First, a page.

In the developing world, agriculture forms the economic base of many countries. But developing nations often find themselves competing against heavily subsidized agricultural sectors in industrialized nations. The World Summit on Sustainable Development in Johannesburg looked at the issue of agriculture Tuesday.
Those attending this summit have heard that industrialized nations spend around $350 billion each year in subsidies to farmers and agri-businesses. At the same time farmers in developing nations -- already struggling to overcome poor infrastructure and minimal access to technology -- complain that they often find themselves facing tariffs and other barriers that deny them access to markets.
The result, said Hartwig de Haen of the United Nation's Food and Agriculture Organization (FAO), is that developing nations have become increasingly dependent on food imports. Mr. de Haen says one of the ways to change this is to give small farmers access to technology to increase yields and produce surpluses.
He says, "Small holders (small farmers) need marketable surpluses and for that they need the appropriate technologies as well as the market incentives. I think that it is very important that small farmers have access to technologies that allow them to increase sustainably the productivity of the limited resources that they have and they have choices for non-farm employment to supplement their income from farming."
Mr. M. S. Swaminathan, who has twice won the World Food Prize for his work in reducing levels of hunger in Asia, told delegates that industrialized nations need to create opportunities for developing countries to secure their livelihoods.
He says, "I would request all industrialized countries to consider giving some space for developing countries' agriculture in terms of producing more, marketing more, and also security for their livelihoods. Because this space is now being occupied by enormous subsidy, technology and capital investment so you don't give a space in industry, you don't give a space in agriculture, you squeeze the poor - then say you must reduce it by half and so on, all then becomes empty."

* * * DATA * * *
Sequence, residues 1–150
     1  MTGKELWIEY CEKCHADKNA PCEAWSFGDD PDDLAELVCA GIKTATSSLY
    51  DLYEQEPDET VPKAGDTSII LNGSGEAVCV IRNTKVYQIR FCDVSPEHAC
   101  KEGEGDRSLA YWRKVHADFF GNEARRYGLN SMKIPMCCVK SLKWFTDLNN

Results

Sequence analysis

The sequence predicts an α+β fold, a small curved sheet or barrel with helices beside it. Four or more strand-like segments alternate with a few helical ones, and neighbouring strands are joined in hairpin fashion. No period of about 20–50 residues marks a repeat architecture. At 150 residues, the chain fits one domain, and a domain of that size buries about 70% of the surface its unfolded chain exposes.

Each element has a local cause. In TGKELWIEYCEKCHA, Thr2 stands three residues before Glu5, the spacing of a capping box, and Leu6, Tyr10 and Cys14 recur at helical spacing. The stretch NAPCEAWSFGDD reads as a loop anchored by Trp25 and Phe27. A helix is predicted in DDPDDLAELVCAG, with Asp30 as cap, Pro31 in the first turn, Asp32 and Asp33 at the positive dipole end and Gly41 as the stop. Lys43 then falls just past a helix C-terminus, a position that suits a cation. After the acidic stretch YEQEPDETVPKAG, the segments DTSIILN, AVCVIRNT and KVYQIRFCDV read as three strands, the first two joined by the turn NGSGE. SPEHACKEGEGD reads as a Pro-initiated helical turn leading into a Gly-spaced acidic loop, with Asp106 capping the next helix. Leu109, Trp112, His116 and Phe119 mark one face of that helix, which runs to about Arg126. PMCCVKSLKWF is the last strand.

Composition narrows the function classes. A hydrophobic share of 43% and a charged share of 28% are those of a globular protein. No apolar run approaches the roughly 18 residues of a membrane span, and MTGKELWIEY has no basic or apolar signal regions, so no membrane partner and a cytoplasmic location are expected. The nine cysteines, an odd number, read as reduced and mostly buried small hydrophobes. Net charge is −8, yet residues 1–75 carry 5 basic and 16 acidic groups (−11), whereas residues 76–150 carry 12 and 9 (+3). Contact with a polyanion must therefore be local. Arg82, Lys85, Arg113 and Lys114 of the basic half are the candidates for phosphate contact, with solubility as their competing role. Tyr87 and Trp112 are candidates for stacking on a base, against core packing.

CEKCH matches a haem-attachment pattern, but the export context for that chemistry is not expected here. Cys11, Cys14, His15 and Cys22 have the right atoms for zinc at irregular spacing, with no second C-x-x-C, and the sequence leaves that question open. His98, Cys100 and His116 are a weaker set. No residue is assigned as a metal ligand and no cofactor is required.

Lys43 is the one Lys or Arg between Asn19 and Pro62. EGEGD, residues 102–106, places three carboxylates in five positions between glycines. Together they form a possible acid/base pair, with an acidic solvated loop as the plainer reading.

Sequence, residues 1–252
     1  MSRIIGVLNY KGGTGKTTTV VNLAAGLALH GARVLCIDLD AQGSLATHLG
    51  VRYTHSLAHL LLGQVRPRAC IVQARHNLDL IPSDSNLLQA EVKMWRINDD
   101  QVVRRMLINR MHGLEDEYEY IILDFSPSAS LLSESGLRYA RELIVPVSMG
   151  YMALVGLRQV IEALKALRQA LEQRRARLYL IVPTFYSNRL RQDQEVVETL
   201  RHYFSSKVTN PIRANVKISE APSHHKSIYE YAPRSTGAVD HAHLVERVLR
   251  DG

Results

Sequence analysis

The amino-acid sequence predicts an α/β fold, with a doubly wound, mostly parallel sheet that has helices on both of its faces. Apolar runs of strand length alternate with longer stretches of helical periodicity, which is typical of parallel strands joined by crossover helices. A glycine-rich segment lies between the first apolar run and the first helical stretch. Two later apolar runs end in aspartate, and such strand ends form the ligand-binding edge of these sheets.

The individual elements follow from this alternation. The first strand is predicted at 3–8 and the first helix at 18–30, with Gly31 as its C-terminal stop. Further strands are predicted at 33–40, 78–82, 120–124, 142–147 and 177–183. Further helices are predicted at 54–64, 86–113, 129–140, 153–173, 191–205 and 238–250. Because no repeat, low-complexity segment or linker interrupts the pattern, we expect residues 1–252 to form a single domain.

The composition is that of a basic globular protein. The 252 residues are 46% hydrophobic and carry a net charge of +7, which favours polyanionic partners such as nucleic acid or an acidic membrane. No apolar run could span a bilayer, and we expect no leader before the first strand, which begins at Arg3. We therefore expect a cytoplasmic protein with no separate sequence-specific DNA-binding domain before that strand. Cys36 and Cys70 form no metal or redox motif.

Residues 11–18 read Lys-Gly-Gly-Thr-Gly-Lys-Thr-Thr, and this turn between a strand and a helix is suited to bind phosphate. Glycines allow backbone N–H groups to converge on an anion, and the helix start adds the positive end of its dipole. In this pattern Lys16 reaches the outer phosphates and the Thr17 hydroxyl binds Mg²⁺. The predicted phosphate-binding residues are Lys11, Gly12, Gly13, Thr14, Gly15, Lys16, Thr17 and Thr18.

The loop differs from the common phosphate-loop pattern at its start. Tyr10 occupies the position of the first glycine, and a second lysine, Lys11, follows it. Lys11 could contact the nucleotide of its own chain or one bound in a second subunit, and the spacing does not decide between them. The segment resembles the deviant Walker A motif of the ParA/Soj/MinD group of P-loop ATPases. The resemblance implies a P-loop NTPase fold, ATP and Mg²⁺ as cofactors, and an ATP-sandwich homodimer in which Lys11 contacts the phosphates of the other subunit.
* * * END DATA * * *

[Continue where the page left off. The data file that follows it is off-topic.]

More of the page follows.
Many, if not most farmers in developing nations are women. Vendana Shiva, who is a member of the Women's Delegation at the summit, says in Africa women produce 50 percent of the continent's food on just two percent of its land. She says he ability of small farmers around the world to practice sustainable farming is being undermined by the dominance of the industrialized nations. Ms. Shiva says that one of the growing obstacles is privatization of water resources and of seeds and plants.
She says, "Water privatization is becoming a major threat to agriculture - I've just worked with communities where irrigation prices went up ten times because of privatization. We can't have food security if water itself is privatized. We cannot have food security if bio-diversity is privatized, because women's solutions to hunger and ecological security is bio-diversity. They use two percent of the land in Africa to produce 50 percent of the food, and they use bio-diversity to increase it, we can't allow its patenting, its monopolization, seeds need to come out of monopolies, corporations, into the common sharing of women's knowledge for the future."
Most of the delegates from developing nations agree that the top priority for a sustainable future in agriculture is equitable access to markets, technology and infrastructure for all farmers - particularly those in developing countries who lag so far behind.
Their view is shared by Ian Johnson, World Bank vice-president for sustainable development. He says the leaders of industrialized nations must come forward with a plan to deal with agricultural subsidies. Mr. Johnson told the summit that these subsidies are untenable in more developed world, and he said, they are untenable for the developing world too.